Goodbye Gareth – 2 August 2015
1996 — 2015
Gareth’s death was not the first I’d learnt of during a casual social-network scroll, and doubtless it will not be the last. But, at very least, it reinforced a truth: nothing – no matter how strong you think you are, or how long it’s been since you last saw someone – can prepare you for the terrible news of the passing of a peer.
Among the many Wall posts and comments left by his 800 Facebook friends, one word seems to have kept coming up again and again: ‘genuine’. He really was someone who was open and honest about every aspect of his life — he hid nothing and was proud of who he was.
I first met Gareth when I joined Furze Platt Senior School in 2007: he had come from the Junior School over the field, and I was a relative outsider from Courthouse. Perhaps my memory eludes me, but I do not remember Gareth being the wildly popular figure he unquestionably became. Instead, in those early days, he tended to spend his time around a small number of people, enjoying their company and letting them enjoy his.
As a small fish in a bewilderingly large pond, I quickly discovered how lovely he was; his patience in always finding time to talk to anyone, a trait I deeply admired. He adored the annual school ski-trip – particularly the opportunity to meet people from a wide range of year-groups, generally not afforded by in-school activities – and quickly found himself firmly embedded within our own year-group’s party scene. Yet, perhaps uniquely, he retained his all-encompassing humility long after his successful transition into the school’s innermost social circles.Whether you shared a class with him or not, everyone knew Gareth. In the dying days of Year 9, he delighted the school with his shameless appearance in the ‘Fourth Plinth House Challenge’ (a project inspired by the One & Other arts event in Trafalgar Square). Dressed in his favourite fancy-dress outfit, a grotesque Baywatch padded swimming-costume, he waddled around a large white canvas for four minutes, placing blue paint handprints at varying angles as he went. There’s no denying it: his act was utterly bizarre. But it showed Gareth doing what Gareth did best: making people laugh.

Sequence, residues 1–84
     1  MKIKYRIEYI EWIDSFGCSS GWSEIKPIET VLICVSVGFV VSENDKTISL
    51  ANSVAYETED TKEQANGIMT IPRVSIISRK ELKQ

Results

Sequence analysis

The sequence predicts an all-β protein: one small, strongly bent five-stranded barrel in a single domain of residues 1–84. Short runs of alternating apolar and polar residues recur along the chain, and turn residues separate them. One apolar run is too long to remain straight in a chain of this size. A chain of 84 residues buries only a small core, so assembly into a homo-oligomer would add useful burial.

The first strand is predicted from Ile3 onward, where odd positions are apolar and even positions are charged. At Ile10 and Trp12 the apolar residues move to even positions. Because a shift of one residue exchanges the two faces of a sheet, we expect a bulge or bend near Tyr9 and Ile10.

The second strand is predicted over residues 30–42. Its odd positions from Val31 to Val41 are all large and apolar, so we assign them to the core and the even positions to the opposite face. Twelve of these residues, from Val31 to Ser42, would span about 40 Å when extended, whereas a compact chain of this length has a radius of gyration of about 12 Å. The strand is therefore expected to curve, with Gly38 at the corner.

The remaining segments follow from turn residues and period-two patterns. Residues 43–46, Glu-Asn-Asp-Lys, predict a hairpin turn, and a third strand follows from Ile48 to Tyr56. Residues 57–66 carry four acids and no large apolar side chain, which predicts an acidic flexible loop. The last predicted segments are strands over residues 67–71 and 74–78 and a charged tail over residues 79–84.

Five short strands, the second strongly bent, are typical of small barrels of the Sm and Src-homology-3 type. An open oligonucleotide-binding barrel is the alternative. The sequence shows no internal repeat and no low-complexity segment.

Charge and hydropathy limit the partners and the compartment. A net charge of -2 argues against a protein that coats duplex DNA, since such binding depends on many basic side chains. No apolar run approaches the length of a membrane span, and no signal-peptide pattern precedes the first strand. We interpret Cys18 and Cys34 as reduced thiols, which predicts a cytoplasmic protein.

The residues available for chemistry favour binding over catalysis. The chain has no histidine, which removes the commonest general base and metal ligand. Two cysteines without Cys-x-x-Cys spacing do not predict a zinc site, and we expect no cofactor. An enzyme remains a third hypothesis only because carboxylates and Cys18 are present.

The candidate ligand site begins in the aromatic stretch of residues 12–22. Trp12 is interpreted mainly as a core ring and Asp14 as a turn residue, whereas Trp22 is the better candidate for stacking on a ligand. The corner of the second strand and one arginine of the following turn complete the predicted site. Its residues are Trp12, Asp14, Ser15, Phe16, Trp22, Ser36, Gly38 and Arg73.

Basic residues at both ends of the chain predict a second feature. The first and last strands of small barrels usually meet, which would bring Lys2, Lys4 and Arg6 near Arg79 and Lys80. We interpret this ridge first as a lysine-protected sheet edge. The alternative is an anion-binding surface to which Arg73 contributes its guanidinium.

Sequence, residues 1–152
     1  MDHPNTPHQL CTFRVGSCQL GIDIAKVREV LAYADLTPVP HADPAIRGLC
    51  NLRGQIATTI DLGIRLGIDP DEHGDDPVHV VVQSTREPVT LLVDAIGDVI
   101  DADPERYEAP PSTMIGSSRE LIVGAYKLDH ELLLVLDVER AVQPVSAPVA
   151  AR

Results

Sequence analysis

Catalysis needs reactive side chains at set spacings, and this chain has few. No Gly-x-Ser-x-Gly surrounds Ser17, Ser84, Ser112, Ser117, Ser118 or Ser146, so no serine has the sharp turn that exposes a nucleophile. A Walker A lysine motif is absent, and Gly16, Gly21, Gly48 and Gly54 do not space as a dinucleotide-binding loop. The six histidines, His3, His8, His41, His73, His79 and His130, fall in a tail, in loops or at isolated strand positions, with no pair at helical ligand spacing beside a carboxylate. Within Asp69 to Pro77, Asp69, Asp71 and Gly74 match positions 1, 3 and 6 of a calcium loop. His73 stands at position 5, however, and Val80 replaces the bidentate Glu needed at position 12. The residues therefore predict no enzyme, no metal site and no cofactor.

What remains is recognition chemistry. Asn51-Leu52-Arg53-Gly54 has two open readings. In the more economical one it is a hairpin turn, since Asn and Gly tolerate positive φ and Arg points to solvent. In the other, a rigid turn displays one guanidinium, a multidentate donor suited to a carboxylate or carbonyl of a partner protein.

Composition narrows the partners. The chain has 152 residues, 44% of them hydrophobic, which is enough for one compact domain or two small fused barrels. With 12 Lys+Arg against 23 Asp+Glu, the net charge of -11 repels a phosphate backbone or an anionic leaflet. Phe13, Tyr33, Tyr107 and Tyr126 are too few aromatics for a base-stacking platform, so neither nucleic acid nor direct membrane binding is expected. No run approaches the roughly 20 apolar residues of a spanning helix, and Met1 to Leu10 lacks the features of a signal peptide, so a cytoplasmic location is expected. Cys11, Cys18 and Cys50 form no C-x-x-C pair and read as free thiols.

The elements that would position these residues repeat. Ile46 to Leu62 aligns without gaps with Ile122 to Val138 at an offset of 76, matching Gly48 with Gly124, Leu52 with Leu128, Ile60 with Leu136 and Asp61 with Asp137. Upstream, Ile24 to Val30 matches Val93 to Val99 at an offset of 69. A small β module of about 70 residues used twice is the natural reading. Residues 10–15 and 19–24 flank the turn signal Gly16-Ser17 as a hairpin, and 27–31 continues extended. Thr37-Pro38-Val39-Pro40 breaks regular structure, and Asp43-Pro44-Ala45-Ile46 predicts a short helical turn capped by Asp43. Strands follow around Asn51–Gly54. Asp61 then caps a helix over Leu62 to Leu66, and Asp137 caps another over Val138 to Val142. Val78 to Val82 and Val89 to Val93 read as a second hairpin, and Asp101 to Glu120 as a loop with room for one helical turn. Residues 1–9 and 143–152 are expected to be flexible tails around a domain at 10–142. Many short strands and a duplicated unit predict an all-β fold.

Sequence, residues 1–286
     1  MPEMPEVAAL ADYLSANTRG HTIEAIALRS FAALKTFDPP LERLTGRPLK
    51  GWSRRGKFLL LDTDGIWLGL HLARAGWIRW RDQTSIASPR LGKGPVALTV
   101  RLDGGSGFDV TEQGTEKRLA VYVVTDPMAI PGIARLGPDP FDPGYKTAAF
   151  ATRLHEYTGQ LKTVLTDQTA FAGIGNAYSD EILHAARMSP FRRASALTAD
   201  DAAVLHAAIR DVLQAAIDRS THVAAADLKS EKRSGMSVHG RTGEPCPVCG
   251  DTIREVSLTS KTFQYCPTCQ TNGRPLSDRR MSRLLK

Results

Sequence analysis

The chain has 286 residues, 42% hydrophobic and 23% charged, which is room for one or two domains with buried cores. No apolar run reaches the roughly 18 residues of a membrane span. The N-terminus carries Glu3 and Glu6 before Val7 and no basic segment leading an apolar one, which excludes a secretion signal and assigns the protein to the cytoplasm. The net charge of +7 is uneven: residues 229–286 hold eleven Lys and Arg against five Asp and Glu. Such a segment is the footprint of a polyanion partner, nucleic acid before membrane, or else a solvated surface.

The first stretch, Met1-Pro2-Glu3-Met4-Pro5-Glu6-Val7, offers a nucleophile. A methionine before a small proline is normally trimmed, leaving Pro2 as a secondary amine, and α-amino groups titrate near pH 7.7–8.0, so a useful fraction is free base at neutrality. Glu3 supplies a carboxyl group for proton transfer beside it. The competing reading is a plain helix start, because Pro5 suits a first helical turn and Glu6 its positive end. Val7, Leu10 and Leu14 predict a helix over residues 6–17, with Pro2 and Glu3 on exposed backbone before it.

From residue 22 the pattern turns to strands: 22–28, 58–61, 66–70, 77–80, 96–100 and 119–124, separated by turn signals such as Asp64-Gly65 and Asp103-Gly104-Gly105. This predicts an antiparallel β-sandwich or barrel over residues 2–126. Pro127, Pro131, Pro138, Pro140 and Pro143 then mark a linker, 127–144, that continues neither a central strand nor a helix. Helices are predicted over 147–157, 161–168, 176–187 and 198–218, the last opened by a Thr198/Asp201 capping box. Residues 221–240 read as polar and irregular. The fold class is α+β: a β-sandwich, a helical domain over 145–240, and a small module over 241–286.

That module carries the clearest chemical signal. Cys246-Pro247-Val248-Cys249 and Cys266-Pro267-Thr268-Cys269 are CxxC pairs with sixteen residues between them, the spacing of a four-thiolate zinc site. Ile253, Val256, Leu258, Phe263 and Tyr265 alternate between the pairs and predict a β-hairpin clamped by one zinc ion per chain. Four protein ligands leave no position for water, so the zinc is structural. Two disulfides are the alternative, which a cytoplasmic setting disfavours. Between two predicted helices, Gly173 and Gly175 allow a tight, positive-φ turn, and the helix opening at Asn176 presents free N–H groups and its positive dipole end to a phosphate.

That July was half a decade ago. More recent memories of Gareth are of his convivial tales of summer music festivals, his envied prom selfies with Miss McAngus and Ms Threlfall, and his continual warmth and charm. We enjoyed a shared love of photography, played alongside each other in the Sixth Form rugby team, and saw each other occasionally at work at the Magnet Leisure Centre. He and I disagreed on many things – politics, technological changes, the environment – but he would always listen respectfully to what others had to say.
The last time I spoke to him was one freezing December night last year. At 2:30am, the two of us crossed paths on our ways home from separate post-Christmas parties. Even then, in the icy air of night, outside a motorbike garage forecourt, we chatted for nearly an hour, like old friends picking up a conversation where we had left it off. It’s horrible to think that our perennial life chat ended with that chance meeting.
In the Sixth Form, it came as no surprise when he was appointed House Captain for Cookham House. He was also a Maths Prefect and a Science Prefect, and received an achievement award for his dedication and tenacity with German at AS Level. He went on to earn AAB in his A-Levels, allowing him to study Economics at the University of Leeds, in which, during this first year of the course, he achieved a First.
Gareth was a great sportsman too, and for a period helped with the running of the karate classes he so loved attending. He was a licensed lifeguard, and also held an ASA Level 1 award for teaching aquatics.
Cheese-rolling ambitions aside, his was a life lived to the full, but sadly not fully lived. Gone at just nineteen, he leaves a hole in the hearts of the thousands who knew him.
Goodbye, Gareth — we’re going to miss you.Andrew Burdett wrote this post on 2 August, on hearing the news of Gareth’s death. Publication was delayed out of respect for the family. Reports from the Maidenhead Advertiser and the Exeter Express & Echo can be found here and here respectively. His Facebook tribute page, set up by brother Lawrence, can be found here.